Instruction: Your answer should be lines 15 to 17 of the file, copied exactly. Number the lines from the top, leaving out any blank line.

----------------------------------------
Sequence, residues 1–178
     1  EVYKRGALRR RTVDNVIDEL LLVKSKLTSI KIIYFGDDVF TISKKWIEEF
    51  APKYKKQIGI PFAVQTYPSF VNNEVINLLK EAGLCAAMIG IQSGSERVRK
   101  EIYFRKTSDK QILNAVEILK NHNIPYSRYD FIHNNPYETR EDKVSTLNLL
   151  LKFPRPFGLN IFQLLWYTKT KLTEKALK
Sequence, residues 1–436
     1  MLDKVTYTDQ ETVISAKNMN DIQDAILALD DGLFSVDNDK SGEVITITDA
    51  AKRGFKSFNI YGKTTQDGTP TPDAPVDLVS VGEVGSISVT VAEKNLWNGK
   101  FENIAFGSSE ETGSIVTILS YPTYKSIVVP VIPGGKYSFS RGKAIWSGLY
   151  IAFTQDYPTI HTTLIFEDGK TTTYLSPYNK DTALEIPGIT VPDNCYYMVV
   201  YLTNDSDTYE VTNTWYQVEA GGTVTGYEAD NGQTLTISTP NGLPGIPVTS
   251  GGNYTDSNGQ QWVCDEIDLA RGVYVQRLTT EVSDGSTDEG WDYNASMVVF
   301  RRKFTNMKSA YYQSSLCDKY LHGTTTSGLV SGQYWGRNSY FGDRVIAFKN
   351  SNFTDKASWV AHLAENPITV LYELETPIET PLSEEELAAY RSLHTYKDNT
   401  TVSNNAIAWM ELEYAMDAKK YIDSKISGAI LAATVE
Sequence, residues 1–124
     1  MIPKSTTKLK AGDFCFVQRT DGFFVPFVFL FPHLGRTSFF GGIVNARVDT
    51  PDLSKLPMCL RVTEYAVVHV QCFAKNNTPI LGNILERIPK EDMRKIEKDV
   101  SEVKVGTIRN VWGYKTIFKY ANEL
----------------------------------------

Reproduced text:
   401  TVSNNAIAWM ELEYAMDAKK YIDSKISGAI LAATVE
Sequence, residues 1–124
     1  MIPKSTTKLK AGDFCFVQRT DGFFVPFVFL FPHLGRTSFF GGIVNARVDT